We’re living in a time where data is a crucial part of everything. Every day, we generate around 2.5 quintillion bytes of data, and that number is only growing more extensive with the arrival of the Internet of Things.
More importantly, this data doesn’t just stand still. It moves, accumulates, and evolves.
If you know how to leverage it correctly, data can help you to make better business decisions and increase profits.
On the other hand, if you fail to use data correctly, you’ll miss out on some vital opportunities.
One of the most valuable areas where data can potentially make its mark right now is in the Product Lifecycle Management environment.
Product Lifecycle Management (PLM) involves paying close attention to the stages that a product goes through when it enters the market. The more we know about the product lifecycle, the easier it is to make predictions about where to invest in new products and how to boost profitability.
Here’s how big data plays a significant role in virtually every stage of the Lifecycle Management process.
Big Data in the Introduction Stage
The introduction stage of the Product Lifecycle is when you first introduce a new item to the market. Researchers tell us that around 70 to 90% of all lifecycle costs build up here.
During the introductory stage, your sales are often slowest, because you haven’t begun to develop product awareness and reach. However, there are also some great opportunities for reducing waste. Looking back over your data from previous introduction stages for similar products allows you to focus only on those ideas in your pipeline that are most likely to generate success. Your market data will show you which kinds of products generate the biggest return on investment and what kind of pricing structure you’ll need to choose to generate a profit.
The right data about your marketplace will also allow you to determine whether there’s too much competition in your current landscape to thrive at this stage.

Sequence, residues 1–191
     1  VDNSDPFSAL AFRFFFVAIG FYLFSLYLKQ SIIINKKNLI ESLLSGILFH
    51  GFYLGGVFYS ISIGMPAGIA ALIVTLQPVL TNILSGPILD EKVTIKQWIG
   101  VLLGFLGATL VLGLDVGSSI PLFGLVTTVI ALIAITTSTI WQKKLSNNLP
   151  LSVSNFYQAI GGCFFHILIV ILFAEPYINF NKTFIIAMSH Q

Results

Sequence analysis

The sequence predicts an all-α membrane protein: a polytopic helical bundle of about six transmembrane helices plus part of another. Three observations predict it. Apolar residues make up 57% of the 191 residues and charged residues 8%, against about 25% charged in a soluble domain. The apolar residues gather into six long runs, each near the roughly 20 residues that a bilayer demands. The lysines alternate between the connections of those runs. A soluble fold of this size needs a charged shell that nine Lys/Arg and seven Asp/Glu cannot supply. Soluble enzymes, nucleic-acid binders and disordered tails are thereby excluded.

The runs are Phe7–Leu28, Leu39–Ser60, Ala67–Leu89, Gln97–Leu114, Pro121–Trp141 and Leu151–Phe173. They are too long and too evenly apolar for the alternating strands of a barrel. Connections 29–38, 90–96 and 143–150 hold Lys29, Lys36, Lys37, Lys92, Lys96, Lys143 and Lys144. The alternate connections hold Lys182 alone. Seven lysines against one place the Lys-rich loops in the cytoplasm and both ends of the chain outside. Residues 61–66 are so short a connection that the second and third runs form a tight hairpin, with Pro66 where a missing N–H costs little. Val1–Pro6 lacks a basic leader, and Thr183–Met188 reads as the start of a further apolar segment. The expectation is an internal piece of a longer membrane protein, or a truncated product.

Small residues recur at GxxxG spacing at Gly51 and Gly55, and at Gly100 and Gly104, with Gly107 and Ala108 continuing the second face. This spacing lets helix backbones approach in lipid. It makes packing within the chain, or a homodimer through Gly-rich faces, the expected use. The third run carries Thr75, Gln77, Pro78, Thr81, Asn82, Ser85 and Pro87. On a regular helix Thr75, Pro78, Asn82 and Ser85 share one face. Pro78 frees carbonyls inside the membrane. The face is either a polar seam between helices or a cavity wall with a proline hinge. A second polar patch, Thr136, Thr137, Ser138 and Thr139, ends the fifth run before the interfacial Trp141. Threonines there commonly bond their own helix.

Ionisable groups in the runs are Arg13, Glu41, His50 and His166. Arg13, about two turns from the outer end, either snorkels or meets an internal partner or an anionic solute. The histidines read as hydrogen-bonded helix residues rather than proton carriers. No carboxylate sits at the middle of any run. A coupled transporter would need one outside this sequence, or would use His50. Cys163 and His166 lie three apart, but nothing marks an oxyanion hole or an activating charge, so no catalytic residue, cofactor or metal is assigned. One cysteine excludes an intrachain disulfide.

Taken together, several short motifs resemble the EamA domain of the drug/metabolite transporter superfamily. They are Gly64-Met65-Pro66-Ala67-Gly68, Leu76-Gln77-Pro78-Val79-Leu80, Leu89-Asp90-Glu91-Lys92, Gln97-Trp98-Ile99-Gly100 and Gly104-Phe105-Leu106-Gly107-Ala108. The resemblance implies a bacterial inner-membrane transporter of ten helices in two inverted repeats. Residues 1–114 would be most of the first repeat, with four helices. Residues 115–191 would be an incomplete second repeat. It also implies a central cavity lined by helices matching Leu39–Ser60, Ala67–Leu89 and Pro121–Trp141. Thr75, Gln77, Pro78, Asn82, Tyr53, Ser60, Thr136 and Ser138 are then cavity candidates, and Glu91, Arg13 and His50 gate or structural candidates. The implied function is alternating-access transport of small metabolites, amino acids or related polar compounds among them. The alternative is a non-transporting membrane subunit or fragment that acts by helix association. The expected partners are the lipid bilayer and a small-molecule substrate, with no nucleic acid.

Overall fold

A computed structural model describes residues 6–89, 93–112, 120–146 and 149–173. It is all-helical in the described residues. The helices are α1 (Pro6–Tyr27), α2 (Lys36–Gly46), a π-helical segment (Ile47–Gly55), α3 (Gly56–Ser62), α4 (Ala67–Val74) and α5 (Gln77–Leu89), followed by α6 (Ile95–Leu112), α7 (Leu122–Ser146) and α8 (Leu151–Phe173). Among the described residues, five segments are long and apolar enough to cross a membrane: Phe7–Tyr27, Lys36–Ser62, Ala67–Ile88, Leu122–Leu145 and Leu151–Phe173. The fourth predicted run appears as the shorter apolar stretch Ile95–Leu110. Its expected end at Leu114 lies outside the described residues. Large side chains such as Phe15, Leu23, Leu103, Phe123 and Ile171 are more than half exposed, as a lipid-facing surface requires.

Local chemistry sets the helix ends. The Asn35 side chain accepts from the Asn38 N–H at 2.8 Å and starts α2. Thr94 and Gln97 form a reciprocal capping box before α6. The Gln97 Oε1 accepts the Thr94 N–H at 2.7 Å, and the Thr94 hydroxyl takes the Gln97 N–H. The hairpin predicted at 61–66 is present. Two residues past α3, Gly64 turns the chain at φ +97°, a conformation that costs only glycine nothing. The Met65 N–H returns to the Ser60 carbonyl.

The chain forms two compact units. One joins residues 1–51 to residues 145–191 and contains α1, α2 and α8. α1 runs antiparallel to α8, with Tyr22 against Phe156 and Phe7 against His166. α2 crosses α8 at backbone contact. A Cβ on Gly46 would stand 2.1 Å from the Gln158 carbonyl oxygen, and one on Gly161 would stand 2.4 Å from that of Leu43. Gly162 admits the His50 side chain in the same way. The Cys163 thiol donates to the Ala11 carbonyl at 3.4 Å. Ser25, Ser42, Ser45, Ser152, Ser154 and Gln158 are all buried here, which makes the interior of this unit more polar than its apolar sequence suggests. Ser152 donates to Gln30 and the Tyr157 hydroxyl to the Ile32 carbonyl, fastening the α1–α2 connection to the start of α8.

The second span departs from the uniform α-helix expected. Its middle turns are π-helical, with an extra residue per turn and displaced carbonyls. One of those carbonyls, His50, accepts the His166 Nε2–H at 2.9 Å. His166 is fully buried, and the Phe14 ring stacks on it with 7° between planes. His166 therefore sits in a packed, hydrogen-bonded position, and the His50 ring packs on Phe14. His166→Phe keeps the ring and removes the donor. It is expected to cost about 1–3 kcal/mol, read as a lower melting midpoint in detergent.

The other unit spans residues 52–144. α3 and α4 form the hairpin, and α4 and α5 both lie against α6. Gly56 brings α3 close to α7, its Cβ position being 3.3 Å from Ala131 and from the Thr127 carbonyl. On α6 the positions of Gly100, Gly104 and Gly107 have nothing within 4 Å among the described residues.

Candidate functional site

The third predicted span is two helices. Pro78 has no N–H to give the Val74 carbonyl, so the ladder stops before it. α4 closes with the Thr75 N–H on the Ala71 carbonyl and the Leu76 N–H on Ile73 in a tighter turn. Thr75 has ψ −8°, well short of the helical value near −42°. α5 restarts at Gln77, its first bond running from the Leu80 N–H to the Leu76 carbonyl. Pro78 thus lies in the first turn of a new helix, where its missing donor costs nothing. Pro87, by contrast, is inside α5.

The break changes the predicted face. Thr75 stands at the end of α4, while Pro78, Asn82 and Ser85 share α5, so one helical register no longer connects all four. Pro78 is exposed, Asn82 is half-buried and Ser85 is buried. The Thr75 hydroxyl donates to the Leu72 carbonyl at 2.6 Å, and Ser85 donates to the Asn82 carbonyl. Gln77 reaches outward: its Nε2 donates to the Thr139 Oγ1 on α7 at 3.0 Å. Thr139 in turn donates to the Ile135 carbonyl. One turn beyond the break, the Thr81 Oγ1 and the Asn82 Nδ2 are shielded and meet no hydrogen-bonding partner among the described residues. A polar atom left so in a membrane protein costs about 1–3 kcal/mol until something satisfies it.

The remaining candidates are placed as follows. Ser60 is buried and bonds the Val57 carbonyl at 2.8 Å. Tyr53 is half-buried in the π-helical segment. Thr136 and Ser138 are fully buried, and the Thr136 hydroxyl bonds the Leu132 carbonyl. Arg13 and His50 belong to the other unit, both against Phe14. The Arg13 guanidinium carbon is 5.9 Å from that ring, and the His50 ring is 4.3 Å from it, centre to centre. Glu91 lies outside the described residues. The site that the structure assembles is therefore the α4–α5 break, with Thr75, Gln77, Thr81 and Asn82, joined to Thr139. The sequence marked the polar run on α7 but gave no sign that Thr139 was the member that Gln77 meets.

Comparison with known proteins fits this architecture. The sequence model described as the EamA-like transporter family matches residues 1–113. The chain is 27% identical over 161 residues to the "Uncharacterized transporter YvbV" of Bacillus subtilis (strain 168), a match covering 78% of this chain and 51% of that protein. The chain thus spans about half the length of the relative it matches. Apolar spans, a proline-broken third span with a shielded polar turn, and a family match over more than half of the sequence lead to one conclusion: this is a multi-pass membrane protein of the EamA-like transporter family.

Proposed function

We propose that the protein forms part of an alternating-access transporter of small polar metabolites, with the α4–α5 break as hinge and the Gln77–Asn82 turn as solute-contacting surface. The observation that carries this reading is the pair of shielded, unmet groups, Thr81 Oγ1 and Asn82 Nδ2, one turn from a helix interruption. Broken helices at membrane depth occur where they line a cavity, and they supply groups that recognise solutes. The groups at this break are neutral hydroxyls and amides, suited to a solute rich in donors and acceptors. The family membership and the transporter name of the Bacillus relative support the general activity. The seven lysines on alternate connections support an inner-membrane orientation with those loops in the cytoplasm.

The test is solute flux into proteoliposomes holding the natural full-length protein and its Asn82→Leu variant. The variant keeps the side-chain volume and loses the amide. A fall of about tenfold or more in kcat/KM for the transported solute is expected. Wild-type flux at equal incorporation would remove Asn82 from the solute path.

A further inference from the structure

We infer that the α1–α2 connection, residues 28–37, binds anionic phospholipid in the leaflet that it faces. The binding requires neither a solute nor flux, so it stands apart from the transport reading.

As you move through the design process to introduce your new project, your data will also provide some insight into the suppliers, materials, and machines you can use to reduce resource use.
Data in the Growth Period
The growth stage in a Product Lifecycle is the most potentially lucrative time. This is when you can generate more attention for your product and services and begin to develop better returns.
Once again, data has a significant role to play.
You can look back at your previous audience testing metrics to determine which kinds of customers you should target first with new products. There’s also the potential to use existing data about your previous products to determine whether it’s best to start with a beta rollout for some of your most loyal customers before you start supplying demand to consumers all over the world.
As you move through the growth period, you’ll be gradually collecting more data about changing customer preferences, which you can add to your decision-making strategy. The information you collect about your marketplace might gradually push you towards advertising your products to a new audience.
Alternatively, you might discover that people are more likely to buy at a slightly different price point.
Using Data Through Maturity
In the maturity stage of the Product Lifecycle, your new offering has usually already reached its saturation point.
This means that customers already know about it, but you might not be getting as much attention or profits as you got throughout the growth period. That’s because the audience you were already targeting probably has your product by now.